Leo Cussen

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Sir Leo Finn Bernard Cussen (29 November 1859 – 17 May 1933), Australian jurist, was a Judge of the Supreme Court of Victoria.

Early life and education[edit]

Cussen was born in Portland on the western coast of Victoria in 1859. He was educated at Hamilton College in Hamilton. He studied civil engineering at the University of Melbourne, graduating with a Certificate of Civil Engineering in 1879. He was a talented sportsman, and represented the University in both cricket and Australian rules football. After graduating, he took a job with the Government of Victoria's Department of Railways, where he worked on the railway between Melbourne and Ballarat.

Cussen returned to the University of Melbourne to study arts and law, graduating with a Bachelor of Arts in 1884, and a Master of Arts and Bachelor of Laws degrees in 1886.

Career[edit]

Cussen was admitted to the Victorian Bar to practice as a barrister in September of that year. He continued to play cricket, and was a member of the Victorian Bar XI. In 1890, he was appointed as a lecturer in law at the University of Melbourne. Also in that year, he married Johanna Bevan, with whom he would have six sons and a daughter.

On 19 March 1906, Cussen was appointed a Judge of the Supreme Court of Victoria. He was widely regarded as an excellent judge. Sir Owen Dixon, himself regarded as Australia's foremost judge, once described Cussen as "the greatest of all judges."[1] In 1921 he was knighted for his services as a Judge in the Supreme Court of Victoria.[2]

Cussen conducted two consolidations of all the Acts of the Parliament of Victoria, the first in 1915 and the second in 1928. Consolidation involves compiling all amendments of a particular act into one document. In 1922, Cussen drafted the bill for the Imperial Acts Application Act 1922, which set out which laws of the Parliament of the United Kingdom were in force in Victoria. The Act, along with the 1928 version of the consolidated acts, set out every piece of legislation in force in the state at the time in a central location. Cussen was knighted in 1922 in recognition of this effort, in addition to his work as a judge. He continued to sit on the bench, in 1924, and again later in 1931-1932, serving as Acting Chief Justice of Victoria.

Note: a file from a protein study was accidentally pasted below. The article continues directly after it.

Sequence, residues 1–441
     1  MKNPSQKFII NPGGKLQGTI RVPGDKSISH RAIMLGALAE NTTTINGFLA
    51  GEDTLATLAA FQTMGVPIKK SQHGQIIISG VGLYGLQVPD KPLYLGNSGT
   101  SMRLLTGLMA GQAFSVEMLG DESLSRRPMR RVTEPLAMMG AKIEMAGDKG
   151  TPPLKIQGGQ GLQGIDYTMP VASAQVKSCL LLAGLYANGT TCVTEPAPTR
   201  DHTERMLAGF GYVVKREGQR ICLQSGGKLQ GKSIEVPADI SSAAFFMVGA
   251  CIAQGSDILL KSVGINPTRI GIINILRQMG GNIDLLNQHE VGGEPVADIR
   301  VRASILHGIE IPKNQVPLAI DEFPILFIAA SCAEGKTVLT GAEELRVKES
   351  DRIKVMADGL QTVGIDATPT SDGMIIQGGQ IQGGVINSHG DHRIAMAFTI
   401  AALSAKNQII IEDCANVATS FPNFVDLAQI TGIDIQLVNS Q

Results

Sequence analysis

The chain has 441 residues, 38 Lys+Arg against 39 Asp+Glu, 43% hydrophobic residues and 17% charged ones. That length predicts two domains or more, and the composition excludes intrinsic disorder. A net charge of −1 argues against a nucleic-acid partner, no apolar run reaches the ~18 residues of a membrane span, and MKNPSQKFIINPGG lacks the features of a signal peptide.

Aside from his legal work, Cussen was involved in the public life of Victoria. Cussen was elected the President of the Melbourne Cricket Club in 1907, a position he would hold until his death. Cussen remains the longest-serving President of the club. In 1916, Cussen had been made a trustee of the State Library of Victoria, the Victorian Museum and the National Gallery of Victoria, then run by a single board of trustees, and in 1928 he was made President of the board.

Death[edit]

Cussen died in Melbourne in 1933.

Legacy[edit]

The Leo Cussen Institute, which provides legal education, was established in 1972 by the Parliament of Victoria and named in Cussen's honour. The Graduates' Association of the Institute conduct the Leo Cussen Memorial Lecture, first held in 1986, and held in most years since.

Personal life[edit]

The tennis player Pat Cash is a descendant of Leo Cussen.[3]

Notes[edit]

  1. ^ "Sir Leo Cussen". Leo Cussen Institute. Archived from the original on 2005-12-26. Retrieved 2006-04-30. 
  2. ^ "It's an Honour - 31 December 1921". Australian Government. Retrieved 2008-03-08. 
  3. ^ Determined all-rounder cashed in on his talent, obituary of Patrick Cussen Cash, Pat Cash's father; The Age, 9 February 2008

References[edit]